Children are welcome until early evening and there is a free bouncy castle during the summer. The pub is dog friendly. The pub also offers karaoke and DJ on Fridays, live music on some Saturdays, free WiFi, and food served all day to 7.00pm from Thursday to Sunday.

Opening hours are: Mon-Wed 3-11; Thu 12-11; Fri 12-1am; Sat 12-12; Sun 12-11. The pub is on Facebook and the phone number is 07487 246785.

With the loss of the nearby London Hotel to housing, the Blue Anchor is the last pub in this part of Southport, and it looks well set up to fill the role of local community pub.

This is one of a series of articles that I write for the CAMRA column in our local papers, the Southport Visiter and the Ormskirk Advertiser. Previous reviews are here.

Thursday 20 July 2017

Sam Smiths - the dotty auntie of brewing

The increasingly eccentric Sam Smiths brewery has been accused of banning bikers. One biker recently rolled up at The Royal Oak at Ulley, near Rotherham, and was told he could no longer be served because of an instruction from the brewery. The owner of the brewery, Humphrey Smith, told a woman biker who had been using the pub for many years that "local people have no wish to have them in this establishment" and he did not want "undesirables" in the pub. This particular diktat follows the brewery's announcement in April that swearing is banned in all its pubs.

Unlike the swearing ban or the ban on music that arose from a fit of pique about 'New' Labour's absurd pub music licences (mentioned in a post here in 2009), this particular ban seems confined to one pub. The bikers' magazine, MCN, is distinctly unimpressed, stating that Sam Smiths' pubs "all feature a Victorian theme and don’t have televisions or play music ... It would seem that Mr Smith’s attitude towards bikers is as Victorian as the theme that runs throughout his pubs."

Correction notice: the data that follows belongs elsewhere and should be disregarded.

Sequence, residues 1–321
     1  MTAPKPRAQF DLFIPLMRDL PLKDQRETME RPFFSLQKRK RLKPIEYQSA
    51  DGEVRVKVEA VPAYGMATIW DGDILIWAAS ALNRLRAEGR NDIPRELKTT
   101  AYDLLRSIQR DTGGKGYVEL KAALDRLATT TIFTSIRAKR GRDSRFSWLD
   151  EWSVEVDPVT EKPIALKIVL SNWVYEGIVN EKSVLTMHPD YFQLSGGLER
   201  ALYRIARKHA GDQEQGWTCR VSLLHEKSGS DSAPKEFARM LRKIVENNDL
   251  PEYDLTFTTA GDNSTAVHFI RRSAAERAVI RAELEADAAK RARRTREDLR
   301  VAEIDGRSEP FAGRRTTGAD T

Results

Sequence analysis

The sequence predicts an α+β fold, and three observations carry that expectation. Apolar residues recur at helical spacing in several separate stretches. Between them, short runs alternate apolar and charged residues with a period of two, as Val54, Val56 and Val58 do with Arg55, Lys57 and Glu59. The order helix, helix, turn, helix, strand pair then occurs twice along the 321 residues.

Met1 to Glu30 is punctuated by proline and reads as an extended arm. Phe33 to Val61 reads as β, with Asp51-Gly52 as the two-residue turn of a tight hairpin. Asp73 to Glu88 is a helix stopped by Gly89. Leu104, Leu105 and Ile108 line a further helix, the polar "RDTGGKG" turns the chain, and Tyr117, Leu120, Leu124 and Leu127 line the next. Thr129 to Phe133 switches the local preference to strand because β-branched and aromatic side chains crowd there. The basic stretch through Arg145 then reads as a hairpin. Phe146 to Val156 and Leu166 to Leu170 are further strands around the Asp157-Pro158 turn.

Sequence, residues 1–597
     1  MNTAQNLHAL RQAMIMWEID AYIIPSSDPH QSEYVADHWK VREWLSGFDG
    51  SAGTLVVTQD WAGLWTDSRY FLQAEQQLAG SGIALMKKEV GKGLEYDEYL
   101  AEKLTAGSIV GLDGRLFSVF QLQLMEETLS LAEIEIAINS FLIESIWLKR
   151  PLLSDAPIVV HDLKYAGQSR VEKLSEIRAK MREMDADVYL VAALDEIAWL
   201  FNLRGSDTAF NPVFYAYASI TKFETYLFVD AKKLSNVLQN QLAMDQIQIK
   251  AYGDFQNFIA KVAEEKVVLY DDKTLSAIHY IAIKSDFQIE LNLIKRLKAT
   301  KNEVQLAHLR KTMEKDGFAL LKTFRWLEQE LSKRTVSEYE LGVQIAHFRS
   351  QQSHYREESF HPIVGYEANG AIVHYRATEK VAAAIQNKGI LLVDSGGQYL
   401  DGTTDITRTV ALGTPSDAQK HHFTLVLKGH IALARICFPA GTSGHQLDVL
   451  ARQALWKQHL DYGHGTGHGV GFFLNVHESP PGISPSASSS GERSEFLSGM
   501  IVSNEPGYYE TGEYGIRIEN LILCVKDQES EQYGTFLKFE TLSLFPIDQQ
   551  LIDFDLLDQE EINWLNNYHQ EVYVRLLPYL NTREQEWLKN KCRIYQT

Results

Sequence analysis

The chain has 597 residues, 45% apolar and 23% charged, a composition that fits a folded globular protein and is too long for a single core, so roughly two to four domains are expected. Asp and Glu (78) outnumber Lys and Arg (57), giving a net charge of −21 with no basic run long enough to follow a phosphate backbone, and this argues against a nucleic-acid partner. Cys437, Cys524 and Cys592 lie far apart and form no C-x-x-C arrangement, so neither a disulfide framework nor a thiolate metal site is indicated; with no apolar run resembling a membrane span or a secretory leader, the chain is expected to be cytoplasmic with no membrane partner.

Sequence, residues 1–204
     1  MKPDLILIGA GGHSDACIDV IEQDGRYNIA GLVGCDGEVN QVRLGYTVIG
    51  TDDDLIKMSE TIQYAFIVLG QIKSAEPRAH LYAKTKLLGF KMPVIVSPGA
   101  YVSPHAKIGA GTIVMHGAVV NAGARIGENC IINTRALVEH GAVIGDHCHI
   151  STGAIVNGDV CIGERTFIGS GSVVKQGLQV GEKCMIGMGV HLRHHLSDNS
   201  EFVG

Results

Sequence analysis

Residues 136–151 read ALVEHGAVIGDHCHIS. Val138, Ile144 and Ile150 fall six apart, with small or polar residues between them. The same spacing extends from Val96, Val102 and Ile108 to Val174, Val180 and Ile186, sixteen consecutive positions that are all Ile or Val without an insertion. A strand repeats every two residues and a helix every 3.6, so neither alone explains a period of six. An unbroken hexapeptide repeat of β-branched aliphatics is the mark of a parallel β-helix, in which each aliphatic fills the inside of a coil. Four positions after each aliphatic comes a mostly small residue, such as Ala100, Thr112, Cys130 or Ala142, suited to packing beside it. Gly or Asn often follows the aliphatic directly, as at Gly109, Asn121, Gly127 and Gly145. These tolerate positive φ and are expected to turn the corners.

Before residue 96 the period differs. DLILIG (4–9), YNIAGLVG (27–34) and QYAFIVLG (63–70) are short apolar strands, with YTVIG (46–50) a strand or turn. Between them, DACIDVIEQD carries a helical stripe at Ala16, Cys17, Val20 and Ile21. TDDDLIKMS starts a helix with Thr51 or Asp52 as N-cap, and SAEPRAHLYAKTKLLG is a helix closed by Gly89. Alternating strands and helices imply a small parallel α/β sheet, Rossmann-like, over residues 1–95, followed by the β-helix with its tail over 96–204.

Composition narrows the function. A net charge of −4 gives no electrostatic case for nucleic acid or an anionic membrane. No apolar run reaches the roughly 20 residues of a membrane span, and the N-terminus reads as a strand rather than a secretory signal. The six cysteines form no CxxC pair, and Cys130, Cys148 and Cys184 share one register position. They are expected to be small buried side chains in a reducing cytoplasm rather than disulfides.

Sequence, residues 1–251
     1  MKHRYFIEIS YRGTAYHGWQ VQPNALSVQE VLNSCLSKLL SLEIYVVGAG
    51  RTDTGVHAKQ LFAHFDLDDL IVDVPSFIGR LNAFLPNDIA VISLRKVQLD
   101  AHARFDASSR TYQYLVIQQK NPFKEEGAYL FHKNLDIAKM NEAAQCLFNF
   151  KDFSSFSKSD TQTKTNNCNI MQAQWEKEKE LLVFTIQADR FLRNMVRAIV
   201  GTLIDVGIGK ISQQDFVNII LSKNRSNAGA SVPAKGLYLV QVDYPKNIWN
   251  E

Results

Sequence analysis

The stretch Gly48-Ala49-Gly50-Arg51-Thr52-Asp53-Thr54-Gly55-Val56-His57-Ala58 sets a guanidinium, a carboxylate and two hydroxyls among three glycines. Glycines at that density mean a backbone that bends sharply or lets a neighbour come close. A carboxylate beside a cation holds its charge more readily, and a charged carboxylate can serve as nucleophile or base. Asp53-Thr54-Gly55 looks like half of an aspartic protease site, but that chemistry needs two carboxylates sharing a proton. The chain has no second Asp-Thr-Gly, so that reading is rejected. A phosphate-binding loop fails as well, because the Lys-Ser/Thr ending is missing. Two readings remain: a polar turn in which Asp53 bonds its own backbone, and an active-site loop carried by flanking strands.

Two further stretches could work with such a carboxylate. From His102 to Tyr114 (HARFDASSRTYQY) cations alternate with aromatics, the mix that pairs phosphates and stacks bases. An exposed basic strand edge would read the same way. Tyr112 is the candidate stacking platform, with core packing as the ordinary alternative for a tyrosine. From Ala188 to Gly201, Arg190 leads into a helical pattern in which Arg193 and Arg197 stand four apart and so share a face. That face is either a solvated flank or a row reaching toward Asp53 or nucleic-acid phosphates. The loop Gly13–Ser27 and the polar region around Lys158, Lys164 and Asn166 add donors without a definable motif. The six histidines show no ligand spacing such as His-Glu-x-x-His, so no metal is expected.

Having drunk in pubs favoured by bikers, I have found that there is no more trouble than in any other pubs, and in fact rather less than some. Is this discrimination? Certainly, because a whole group of people has been banned, regardless of how the individuals in that group have behaved - imagine the reaction if the members of any ethnic or religious group had been described as "undesirables". However, as bikers are not a "protected group" under the Equality Act, there is no recourse in law.

The brewery has ignored requests for comments from several journals and newspapers. I wonder what Humphrey will find to ban next?

Sunday 16 July 2017

Open house at the Grasshopper

With the Open Golf coming to Southport, Birkdale to be precise, the Grasshopper in nearby Hillside tells me that they are putting on 'The Open mic night' which will very loosely have a golf theme. It will an acoustic-only evening (so not deafening!) to celebrate the Open without the 'mic', and anyone who is so inclined is welcome to join in.

Pete Rimmer of the Bothy Folk Club will be running proceedings, and I've been asked to go along and contribute a few songs. 

The Grasshopper always has a good range of real ales on offer, and is at 70 Sandon Road, Southport, PR8 4QD, handy for bus and train.

Friday 14 July 2017

Elvis 1 - Brewdog 0

The King of Rock & Roll
I see that the increasingly risible owners of Brewdog have come unstuck with the name of one of their beers, Elvis Juice. The estate of Elvis Presley had objected as they did not want anyone to assume that the beer had been endorsed by them.

In relation to a copyright case involving one of their own brands, Brewdog had previously declared on their website: